FOM: A comment on an old question asked by Professor Pratt

Matt Insall montez at
Wed Jan 12 10:15:57 EST 2000

I am somewhat new to the FOM list, and I stayed away from the electronic
(web) revolution until fairly recently, but I began today reading some of
the older postings.  The following is a 1997 question of Professor Pratt on
which I would like to comment:

To: fom at
Subject: Re: FOM: basic concepts; structuralism
From: "Vaughan R. Pratt" <pratt at cs.Stanford.EDU>
Date: Tue, 21 Oct 1997 02:13:01 -0700
Cc: pratt at cs.Stanford.EDU
In-reply-to: Your message of "Mon, 20 Oct 1997 23:47:11 EDT."
<199710210347.XAA11400 at>
Sender: owner-fom at



But why is real analysis your litmus test of the worth of a


My response (in case no one has already replied with this type of response)
is that the whole bit began essentially with ``(real) analysis''.  Going
back to Cantor, the question of what constitutes a set was actually ``What
constitutes a set *of real numbers*?''  He realized the need for such an
increase in the level of formalism for the notion of a set of real numbers
as being basic to the understanding of the behaviour of trigonometric
series.  Thus, the reason the ``litmus test'' should be (real) analysis is
that the original problems of foundations relating to set theory, out of
which the formalizations of category theory, etc., grew, were related to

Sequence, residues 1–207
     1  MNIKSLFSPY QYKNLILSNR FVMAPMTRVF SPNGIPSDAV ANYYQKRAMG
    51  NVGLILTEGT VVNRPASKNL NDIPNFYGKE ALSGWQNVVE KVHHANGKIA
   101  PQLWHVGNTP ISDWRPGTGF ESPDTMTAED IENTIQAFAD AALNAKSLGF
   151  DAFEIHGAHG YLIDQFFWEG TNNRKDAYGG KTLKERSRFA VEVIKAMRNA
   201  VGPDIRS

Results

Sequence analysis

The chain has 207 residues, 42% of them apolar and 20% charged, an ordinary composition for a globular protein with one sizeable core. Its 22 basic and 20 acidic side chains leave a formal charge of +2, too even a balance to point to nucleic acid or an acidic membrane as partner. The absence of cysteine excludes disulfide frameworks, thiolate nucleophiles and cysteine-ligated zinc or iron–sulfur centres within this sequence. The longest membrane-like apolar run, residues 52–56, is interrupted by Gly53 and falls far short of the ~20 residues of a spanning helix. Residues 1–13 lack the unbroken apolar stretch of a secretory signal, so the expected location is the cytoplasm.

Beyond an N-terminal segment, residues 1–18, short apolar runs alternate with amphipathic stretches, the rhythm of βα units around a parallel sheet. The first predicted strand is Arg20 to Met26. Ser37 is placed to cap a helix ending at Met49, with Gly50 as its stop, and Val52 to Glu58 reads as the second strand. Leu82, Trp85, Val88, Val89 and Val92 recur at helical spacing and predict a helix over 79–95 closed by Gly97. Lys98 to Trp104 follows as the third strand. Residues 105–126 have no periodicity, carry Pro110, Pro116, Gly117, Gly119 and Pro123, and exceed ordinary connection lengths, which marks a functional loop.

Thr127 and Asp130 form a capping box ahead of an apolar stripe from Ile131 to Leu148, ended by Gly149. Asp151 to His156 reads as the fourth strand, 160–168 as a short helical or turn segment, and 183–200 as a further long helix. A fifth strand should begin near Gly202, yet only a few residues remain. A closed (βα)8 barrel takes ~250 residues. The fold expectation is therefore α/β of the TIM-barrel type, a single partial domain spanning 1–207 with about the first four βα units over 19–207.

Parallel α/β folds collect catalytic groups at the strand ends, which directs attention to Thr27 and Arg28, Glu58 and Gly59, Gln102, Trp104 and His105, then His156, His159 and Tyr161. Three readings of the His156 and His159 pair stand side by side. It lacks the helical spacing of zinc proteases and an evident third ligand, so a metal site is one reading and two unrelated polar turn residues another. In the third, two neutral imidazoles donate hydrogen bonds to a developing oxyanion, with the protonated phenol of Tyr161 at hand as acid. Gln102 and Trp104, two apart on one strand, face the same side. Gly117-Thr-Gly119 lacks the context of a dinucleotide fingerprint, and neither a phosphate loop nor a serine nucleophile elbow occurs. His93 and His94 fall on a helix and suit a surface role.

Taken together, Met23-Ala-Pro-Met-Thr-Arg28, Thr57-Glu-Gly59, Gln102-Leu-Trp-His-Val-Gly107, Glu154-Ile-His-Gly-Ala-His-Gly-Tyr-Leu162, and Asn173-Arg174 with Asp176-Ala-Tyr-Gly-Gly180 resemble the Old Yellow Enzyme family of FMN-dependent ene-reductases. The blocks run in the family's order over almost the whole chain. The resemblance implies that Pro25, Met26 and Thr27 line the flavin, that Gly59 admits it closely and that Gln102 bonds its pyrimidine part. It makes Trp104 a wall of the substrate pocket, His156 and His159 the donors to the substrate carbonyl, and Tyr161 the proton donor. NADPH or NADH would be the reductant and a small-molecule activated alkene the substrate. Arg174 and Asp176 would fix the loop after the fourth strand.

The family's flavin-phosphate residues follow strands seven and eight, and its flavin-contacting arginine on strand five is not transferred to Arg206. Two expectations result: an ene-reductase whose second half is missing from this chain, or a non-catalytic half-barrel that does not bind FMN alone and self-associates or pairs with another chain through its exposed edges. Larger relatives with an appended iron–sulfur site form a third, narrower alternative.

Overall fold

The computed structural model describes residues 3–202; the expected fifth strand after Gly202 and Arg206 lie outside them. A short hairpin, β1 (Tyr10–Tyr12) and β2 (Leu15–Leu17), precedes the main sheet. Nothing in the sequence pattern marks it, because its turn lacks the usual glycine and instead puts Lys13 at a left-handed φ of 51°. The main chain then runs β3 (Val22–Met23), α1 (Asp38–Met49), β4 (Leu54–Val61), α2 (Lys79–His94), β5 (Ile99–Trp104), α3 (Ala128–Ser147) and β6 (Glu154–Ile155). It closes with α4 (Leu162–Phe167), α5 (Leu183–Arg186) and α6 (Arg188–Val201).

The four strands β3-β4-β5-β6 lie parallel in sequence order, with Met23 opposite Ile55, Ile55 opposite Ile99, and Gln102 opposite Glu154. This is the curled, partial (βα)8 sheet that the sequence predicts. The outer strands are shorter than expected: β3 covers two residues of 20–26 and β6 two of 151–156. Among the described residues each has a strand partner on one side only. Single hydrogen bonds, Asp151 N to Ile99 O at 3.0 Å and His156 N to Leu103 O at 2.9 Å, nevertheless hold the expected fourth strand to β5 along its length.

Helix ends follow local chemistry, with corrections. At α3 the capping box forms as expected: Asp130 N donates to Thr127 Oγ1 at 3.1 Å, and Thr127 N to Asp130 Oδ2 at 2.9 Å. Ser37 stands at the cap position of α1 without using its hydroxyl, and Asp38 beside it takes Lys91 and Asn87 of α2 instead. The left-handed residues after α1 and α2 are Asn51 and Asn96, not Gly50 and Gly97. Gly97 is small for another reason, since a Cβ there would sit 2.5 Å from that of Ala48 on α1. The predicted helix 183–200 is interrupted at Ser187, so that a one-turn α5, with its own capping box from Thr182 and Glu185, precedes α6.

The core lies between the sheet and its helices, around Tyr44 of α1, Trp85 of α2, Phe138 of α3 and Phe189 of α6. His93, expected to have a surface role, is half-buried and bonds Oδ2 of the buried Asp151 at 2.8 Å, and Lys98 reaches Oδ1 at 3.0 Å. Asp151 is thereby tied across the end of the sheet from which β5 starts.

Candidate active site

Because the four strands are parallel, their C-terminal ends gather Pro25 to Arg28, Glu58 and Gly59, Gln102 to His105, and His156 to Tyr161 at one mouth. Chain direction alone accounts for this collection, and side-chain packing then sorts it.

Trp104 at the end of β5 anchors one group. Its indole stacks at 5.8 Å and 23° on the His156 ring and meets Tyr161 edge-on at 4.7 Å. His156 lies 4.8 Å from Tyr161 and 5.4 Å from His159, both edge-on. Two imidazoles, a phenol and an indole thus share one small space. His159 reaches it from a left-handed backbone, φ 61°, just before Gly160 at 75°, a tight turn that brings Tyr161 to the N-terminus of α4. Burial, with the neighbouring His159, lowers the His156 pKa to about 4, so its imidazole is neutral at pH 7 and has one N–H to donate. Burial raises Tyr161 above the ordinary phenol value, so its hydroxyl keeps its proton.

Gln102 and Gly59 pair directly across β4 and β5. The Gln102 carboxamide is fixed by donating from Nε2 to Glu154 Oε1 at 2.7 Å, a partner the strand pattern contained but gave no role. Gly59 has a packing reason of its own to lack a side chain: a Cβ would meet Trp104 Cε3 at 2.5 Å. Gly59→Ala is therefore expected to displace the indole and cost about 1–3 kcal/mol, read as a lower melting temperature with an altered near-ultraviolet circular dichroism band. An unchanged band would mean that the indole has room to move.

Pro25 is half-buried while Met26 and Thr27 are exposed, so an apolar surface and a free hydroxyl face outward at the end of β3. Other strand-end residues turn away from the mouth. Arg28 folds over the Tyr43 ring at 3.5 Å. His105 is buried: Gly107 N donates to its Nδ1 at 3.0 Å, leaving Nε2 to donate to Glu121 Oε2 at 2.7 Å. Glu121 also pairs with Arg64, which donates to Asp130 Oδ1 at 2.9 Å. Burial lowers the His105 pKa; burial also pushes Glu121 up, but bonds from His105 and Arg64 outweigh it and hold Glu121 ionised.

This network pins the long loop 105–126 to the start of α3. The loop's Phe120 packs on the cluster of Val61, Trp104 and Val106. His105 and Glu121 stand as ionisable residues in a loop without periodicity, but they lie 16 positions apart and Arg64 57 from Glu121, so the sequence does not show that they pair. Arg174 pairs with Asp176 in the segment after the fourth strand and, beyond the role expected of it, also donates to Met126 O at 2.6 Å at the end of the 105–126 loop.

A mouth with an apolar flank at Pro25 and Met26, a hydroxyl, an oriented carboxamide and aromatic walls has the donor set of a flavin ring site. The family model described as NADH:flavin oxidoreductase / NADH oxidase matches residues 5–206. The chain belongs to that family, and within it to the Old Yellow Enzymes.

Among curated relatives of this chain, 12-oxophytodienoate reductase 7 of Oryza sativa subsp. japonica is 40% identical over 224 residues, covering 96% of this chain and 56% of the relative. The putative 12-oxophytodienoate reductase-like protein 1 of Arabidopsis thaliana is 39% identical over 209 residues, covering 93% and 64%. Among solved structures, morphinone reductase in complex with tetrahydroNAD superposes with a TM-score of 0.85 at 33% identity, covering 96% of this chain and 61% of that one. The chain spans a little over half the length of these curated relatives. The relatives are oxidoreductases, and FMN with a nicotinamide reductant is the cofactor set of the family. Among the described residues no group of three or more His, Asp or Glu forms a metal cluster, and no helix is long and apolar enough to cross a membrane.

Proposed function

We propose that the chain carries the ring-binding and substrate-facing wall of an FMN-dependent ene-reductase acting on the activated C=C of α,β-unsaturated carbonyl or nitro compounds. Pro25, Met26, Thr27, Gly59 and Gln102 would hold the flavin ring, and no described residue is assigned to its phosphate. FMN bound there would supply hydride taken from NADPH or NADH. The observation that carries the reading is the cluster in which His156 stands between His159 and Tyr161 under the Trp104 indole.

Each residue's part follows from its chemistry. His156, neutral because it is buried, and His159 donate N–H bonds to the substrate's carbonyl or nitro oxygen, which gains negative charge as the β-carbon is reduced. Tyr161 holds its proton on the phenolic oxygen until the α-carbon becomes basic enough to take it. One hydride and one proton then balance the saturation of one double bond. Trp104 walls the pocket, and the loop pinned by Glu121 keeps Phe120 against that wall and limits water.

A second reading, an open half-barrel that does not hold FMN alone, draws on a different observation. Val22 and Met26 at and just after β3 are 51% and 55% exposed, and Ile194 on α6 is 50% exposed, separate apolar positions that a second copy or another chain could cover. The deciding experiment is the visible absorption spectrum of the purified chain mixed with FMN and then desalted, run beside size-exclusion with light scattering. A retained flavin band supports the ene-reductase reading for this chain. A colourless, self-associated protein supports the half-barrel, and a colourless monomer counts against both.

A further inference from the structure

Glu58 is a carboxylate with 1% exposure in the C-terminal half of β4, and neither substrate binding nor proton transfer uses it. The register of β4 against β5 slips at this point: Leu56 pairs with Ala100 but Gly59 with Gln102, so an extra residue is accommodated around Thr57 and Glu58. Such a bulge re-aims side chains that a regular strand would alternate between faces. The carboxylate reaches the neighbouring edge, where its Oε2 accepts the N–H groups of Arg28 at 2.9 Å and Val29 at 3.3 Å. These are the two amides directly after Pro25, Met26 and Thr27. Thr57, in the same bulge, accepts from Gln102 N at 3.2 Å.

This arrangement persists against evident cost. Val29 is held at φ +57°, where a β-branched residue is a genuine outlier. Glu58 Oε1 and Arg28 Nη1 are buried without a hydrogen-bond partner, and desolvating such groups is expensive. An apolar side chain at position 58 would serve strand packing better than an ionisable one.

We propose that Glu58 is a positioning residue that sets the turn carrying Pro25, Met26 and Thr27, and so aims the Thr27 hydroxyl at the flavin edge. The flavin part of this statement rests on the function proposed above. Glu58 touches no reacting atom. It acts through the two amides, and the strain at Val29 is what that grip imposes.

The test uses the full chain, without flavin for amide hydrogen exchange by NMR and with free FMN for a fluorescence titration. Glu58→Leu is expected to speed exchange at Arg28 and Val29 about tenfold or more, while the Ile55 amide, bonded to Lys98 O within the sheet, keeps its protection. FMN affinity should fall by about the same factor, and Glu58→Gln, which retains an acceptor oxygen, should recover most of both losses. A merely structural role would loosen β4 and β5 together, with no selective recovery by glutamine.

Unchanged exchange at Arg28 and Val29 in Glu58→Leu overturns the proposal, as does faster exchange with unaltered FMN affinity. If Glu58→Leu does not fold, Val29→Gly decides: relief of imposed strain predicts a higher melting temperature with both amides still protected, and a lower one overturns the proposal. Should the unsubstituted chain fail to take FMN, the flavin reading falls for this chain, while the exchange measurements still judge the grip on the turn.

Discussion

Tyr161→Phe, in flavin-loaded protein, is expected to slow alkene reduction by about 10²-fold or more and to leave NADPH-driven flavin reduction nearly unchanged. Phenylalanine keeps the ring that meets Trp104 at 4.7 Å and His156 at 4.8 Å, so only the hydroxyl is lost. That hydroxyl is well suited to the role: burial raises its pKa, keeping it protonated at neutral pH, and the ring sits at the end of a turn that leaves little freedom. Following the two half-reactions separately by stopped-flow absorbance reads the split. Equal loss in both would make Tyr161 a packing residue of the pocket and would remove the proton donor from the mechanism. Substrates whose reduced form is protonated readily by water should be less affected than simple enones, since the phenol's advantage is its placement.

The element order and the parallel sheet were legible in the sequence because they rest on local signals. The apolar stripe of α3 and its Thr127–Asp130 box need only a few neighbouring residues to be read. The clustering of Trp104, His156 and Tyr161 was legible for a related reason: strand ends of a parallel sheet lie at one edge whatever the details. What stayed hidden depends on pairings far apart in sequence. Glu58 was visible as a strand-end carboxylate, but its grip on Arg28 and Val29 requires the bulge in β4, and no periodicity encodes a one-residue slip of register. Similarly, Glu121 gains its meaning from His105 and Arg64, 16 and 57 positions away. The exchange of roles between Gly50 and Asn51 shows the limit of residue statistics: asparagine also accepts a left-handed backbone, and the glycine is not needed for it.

analysis.  Those questions are not all answered, so to those who wish to
answer those particular analysis questions, the ``litmus test'' of any
theory they will take an interest in will be real analysis.

It is the case that there was mathematics before Cantor, and the ancient
Greeks, in particular, formalized geometry.  Of course, as we know, later
non-Greeks came to question the foundations of geometry, leading to the
non-euclidean geometries.  However, these geometries were classically
founded on the presupposition that there exists a system of mensuration,
which is essentially the real number system.  (Some of the ancient greeks
thought all these numbers were rational, but this came to and end with the
discovery that there is no rational square root of two.)  Even before the
realization that one needed to deal with properties of real numbers to do
geometry, it was realized that properties of integers rational numbers
needed to be addressed, and these properties rightly form the subject matter
of analysis.

 Name: Matt Insall
 Position: Associate Professor of Mathematics
 Institution: University of Missouri - Rolla
 Research interest: Foundations of Mathematics
 More information:

More information about the FOM mailing list